by Alejandra Iglesias and Alejandra Rodriguez
Bobby Verdugo was a mentor for many. It began during the 1968 Chicano student walkouts in East Los Angeles. Verdugo walked out to protest discrimination and dropout rates among Mexican American students. He was born to Chicano parents in Lincoln Heights, California. On May 1, 2020, he passed away at the age of 69. Daughter, Monica Verdugo, alongside wife and family, announced the news on Facebook that her father had died. Verdugo, Rios and other Latino students organized peaceful walkouts of schools across Los Angeles. The police reacted violently to these events and they would beat these high school students who were just seeking fair treatment. Eventually, the schools ended the punishment of speaking Spanish and later introduced bilingual education classes only years later.
According to a Los Angeles Times article, Verdugo’s experienced with the following: “They subjected him and others to paddlings in front of fellow students for speaking Spanish in class, incidents that he bitterly remembered decades later.” Wife, Yoli Rios, who went to high school with Verdugo mentioned to ABC News, “He tried to make a joke about it when it happened, but I know it was painful.” These students’ experiences were highlighted in the 2006 HBO movie, “Walkout” and actor, Efren Ramirez played Verdugo.
In 1995 he co-founded Con Los Padres which helped young Latino fathers. He explained that many young fathers received backlash telling them they had ruined their lives. Verdugo recalled his teacher from high school Sal Castro, who was there for Verdugo when he was a student and pushed him to stand up against teachers who were mistreating him. He reminded the young fathers to feel good about themselves and there were people like himself that cared about them just like Castro had done for him in his high school years.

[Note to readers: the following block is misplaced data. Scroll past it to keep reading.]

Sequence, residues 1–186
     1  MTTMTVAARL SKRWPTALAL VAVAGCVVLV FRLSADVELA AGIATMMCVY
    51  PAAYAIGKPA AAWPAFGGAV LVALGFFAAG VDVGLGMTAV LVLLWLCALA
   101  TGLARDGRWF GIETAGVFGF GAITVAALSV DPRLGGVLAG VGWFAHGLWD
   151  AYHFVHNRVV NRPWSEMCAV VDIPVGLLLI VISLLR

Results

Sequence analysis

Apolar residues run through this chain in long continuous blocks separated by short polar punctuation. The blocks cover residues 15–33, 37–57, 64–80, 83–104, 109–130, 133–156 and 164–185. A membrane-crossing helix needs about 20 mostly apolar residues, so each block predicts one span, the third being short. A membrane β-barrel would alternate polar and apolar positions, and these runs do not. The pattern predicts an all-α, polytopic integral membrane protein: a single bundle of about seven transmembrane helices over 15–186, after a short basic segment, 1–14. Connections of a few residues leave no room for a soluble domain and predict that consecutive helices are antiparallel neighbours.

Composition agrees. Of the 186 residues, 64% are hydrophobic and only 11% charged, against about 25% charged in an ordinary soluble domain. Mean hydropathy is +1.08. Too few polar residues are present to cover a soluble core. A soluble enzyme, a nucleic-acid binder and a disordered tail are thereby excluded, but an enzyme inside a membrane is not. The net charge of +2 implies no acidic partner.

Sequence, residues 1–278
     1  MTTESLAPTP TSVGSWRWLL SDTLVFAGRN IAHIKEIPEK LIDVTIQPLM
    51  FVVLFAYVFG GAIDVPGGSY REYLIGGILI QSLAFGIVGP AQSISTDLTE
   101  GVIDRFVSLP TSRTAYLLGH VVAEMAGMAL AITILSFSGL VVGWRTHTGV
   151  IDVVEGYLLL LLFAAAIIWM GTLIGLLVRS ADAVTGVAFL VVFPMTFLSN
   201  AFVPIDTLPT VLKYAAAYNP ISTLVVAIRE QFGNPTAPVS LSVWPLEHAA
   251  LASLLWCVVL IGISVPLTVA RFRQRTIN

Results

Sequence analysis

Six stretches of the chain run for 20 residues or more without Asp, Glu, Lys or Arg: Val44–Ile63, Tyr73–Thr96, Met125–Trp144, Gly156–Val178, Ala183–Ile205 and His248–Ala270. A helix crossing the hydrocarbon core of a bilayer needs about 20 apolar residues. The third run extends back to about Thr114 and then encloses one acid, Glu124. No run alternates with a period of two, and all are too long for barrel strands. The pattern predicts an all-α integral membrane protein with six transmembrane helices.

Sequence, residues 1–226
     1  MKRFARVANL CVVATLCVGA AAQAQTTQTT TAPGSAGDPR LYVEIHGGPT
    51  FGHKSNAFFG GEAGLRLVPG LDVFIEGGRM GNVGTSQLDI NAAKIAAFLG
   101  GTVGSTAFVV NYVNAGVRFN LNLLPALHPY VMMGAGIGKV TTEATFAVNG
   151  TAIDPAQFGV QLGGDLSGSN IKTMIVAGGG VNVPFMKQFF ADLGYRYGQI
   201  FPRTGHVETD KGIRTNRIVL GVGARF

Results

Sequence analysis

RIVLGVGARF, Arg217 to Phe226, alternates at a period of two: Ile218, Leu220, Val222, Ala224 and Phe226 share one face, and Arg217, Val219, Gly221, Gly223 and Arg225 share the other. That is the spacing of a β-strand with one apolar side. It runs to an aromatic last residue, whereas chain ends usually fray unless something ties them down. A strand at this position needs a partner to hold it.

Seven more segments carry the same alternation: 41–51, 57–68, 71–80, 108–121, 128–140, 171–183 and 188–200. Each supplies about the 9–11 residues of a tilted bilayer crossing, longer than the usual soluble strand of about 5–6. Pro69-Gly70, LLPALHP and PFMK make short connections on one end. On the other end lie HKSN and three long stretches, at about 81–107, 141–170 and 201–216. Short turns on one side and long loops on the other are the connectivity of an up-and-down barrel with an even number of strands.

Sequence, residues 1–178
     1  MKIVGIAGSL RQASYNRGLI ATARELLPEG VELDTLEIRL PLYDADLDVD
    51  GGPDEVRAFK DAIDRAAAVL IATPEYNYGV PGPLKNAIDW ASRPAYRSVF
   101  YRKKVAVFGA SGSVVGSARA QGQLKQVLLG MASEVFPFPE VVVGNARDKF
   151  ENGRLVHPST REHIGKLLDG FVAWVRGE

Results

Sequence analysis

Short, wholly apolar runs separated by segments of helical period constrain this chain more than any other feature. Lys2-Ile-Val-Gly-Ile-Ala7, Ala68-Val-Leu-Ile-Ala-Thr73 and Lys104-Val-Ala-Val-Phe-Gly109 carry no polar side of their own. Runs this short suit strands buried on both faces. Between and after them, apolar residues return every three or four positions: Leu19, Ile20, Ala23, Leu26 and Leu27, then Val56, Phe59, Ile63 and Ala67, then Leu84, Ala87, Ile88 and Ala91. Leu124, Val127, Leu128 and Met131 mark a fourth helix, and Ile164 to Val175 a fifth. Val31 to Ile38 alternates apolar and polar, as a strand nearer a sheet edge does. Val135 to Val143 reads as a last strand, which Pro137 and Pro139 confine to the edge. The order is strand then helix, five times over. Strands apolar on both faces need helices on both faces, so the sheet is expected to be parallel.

At the age of 40, he decided to attend California State University, Los Angeles to earn his degree to help in outreach and become a social worker. He noticed that there were limited resources for young-at-risk men that weren’t punitive which lead him to co-founding Con Los Padres. This innovative program counseled teenage Latino fathers. The Los Angeles Times talks about that in the following: “He connected with them by organizing circulos: talking circles that modeled on Mesoamerican traditions in which his young acolytes could drop their machismo and freely discuss their feelings while reconnecting with their roots.”
Verdugo surely made an impact from the walkouts up until his last moments on Earth and he will be greatly missed in the Chicanx community.
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